There comes a time in everyone's life when we ask ourselves, "why me?" When it came to my life, I found myself always asking this. It started in second grade when I saw a therapist for what they had diagnosed as 'the worry problem'; this meant I worried about everything. When my parents left, I thought they would never come back, or when I spent the night at my grandma's house, I made her tape newspaper over the window so that a fox couldn't get in while I was sleeping.
Throughout my whole life the worry problem was predominant in all that I did, and it made me a perfect target for young teens to throw their merciless comments at. I was bullied because I was different, which I never understood because as human beings we are all made to be unique; we are made to stand out from one another. I constantly found myself asking WHY ME?
Amidst all of the pain and struggles, I was able to find volleyball as an outlet. As years went on, I clung to this sport and found it to be my passion. I made the volleyball team my first year in high school and was so proud that I made it that far, but when sophomore year came around I was told that there was not enough room on the team for me because I needed more practice. So, after eating a whole bag of cheese balls out of pure devastation, I decided to not give up and to hit the gym running. My junior year came around and man-oh-man was I worried. "What if I am not enough?", "What will everyone think if I fail again?" These thoughts played out in my head and my worst nightmare came to life. I was cut again.
I decided that at this point I couldn't turn back now. I was determined to keep on going and to keep on fighting. To my demise, my confidence took a turn for the worse in April of 2013. As I was training during the off season, I came home after a long day. And received a phone call that my grandpa who had been suffering with brain cancer had lost his battle with depression.
Here again, I found myself; WHY ME?
With my grandpa on my mind, I knew that I had to fight now more than ever to push myself towards making the team the next year. Guess what? I did. I made the team my senior year, and I even went on to play college volleyball. I worked hard during the summer going into my sophomore year of college and I pushed myself beyond limits I didn't even know existed. I came back to be captain of the team, and I found a passion for heavy lifting at a local gym called Powerstrength Training Systems where they helped me gear my mindset towards success and kick that worry problem I had been struggling with for so long. I felt on top of the world.
On November 29, 2015 my cousin Vivian lost her own battle with depression. One thing you need to understand is that we grew up together and Viv was like a sister to me and my brother; we were devastated. Vivian was on life support for five days until the machines were turned off after no signs of any brain function. The amount of questions and the roller coaster of emotions that follow losing someone to this disease is unbearable. I had suffered with depression since second grade; I should have been there for her. I could have saved her.
I took Vivian's death really hard and I tried to follow my passion for volleyball at Cornerstone University. I made it half-way through the season until my own battle with depression got the best of me. I decided to walk away from something I had worked so hard for. Many people said it was a terrible decision and that I "should just move on from her death".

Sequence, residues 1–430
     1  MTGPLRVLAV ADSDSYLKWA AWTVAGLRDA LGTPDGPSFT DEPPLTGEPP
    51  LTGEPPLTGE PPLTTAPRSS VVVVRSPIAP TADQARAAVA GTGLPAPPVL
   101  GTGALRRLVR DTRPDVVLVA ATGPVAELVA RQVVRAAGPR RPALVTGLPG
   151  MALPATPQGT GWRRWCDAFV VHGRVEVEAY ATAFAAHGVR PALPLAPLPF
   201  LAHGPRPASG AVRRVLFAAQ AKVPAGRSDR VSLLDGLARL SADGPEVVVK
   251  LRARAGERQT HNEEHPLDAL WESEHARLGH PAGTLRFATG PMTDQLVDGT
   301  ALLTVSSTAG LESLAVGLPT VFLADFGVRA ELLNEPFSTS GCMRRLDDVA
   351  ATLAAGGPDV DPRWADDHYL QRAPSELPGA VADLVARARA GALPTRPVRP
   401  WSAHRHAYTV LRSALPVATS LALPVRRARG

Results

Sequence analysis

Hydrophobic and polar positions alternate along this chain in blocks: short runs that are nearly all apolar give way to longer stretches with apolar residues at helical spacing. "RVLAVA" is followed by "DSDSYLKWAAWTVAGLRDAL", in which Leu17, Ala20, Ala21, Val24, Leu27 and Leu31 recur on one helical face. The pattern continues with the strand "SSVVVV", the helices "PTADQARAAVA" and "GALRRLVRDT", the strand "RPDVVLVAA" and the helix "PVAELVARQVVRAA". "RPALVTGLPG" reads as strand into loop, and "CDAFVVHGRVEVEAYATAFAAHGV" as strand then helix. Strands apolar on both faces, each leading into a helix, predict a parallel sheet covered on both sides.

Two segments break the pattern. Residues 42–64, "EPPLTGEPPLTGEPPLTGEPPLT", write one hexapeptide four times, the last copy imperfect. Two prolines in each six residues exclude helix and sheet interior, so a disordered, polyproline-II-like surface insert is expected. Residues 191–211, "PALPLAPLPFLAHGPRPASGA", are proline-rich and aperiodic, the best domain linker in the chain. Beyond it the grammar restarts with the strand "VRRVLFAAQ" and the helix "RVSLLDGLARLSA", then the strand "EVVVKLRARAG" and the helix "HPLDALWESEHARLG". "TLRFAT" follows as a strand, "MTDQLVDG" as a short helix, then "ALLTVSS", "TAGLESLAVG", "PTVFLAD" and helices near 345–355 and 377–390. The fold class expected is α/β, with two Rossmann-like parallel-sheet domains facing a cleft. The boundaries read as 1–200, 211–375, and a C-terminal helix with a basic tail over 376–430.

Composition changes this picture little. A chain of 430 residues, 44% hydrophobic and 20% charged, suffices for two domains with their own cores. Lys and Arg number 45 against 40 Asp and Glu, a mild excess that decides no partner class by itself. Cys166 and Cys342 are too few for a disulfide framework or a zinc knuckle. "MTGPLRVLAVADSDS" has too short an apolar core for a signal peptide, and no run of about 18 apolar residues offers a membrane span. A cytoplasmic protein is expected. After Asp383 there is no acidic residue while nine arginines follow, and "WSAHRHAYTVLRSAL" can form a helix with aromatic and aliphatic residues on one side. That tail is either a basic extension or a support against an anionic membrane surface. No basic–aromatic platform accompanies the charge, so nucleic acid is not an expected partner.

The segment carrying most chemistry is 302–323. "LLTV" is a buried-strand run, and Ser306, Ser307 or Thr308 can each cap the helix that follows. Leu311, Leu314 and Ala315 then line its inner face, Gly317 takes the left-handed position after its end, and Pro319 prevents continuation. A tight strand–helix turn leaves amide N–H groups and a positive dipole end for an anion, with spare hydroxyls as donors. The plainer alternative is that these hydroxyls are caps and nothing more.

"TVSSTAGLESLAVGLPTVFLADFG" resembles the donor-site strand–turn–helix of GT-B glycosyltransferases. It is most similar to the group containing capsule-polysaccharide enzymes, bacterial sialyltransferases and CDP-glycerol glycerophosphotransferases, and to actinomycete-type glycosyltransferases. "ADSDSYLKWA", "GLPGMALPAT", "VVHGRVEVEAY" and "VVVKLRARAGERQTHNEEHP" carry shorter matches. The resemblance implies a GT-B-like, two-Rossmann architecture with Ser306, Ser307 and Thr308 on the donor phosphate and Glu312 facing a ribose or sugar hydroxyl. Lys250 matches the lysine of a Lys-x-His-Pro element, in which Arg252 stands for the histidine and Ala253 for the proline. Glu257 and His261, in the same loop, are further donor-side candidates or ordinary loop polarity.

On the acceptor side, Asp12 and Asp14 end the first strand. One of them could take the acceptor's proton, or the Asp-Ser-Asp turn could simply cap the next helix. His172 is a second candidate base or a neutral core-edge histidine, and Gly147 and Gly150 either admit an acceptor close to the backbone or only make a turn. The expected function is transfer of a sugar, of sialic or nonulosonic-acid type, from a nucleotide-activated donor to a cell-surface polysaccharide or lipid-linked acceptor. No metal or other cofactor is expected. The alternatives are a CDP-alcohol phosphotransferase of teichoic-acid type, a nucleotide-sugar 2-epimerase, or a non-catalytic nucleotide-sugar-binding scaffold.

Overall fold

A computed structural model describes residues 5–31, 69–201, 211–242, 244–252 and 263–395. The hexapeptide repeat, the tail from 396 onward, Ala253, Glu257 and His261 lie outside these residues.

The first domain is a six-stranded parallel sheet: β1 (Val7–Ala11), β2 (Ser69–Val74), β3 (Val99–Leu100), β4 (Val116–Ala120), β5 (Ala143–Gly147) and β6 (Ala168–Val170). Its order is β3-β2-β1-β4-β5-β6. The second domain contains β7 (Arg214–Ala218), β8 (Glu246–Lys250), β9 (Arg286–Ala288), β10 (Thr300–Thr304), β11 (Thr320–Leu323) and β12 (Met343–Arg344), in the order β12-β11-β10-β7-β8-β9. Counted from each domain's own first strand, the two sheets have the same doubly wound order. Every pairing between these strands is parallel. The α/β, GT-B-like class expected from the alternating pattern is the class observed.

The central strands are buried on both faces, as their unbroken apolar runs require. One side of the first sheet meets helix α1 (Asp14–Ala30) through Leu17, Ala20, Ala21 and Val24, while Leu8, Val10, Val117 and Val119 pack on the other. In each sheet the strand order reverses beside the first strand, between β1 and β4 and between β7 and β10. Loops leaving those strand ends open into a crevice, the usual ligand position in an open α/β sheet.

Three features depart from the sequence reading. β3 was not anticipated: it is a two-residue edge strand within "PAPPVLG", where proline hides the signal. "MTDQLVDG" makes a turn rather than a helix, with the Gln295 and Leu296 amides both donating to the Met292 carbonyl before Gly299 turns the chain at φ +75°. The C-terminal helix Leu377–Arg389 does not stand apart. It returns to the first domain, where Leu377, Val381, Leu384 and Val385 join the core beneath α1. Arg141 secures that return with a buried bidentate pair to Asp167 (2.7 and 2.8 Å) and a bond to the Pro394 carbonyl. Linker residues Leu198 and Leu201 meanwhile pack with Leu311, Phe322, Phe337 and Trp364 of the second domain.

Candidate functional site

The months that followed were very difficult and I found it in myself to keep on fighting. I knew that there were others out their struggling just as I was, but they were too afraid to use their own voice. I pursued becoming a public speaker and took a stand against suicide. I now have started my own volleyball club and I have spoken in front of one hundred people, a number that will just keep growing.
Recently, I found myself asking again. WHY ME?
On October 1, 2017, 18 days before my birthday, my dad passed away from a massive heart attack. When I found myself asking this, I realized I had found the answer. Because of everything I have been through I know that I can get through losing my dad. I know how to cope with death, and I know ways to deal with my depression and anxiety. I know I lost my grandpa and my cousin so that my words can heal others battling the same battles they were. I know I was cut from volleyball and bullied because now I have the tools to coach other young girls through the same situations.
If you ever find yourself asking the dreaded question of 'why me' remember this: You are worth more than your mistakes and your depression does not define you. You may not see it now, but one day there will be a reason for your pain. Without darkness we cannot appreciate the light. Never give up on yourself. Trust your battles and always keep on fighting. Through all of the wrong choices I made I found the most strength. Understand that being strong is allowing yourself to feel the pain you are going through. You are more than enough. Realize that you have greatness within yourself, and most of all realize that you are not alone. If I understand, there are others out there who understand too.
by Alex Polakovich
About the Author
Alex is from Grand Rapids, Michigan and has a passion for volleyball and mental health awareness. After struggling with depression and losing a cousin to death by suicide, Alex decided to speak out in hopes to bring understanding to others battling themselves. Alex is available for speaking engagements.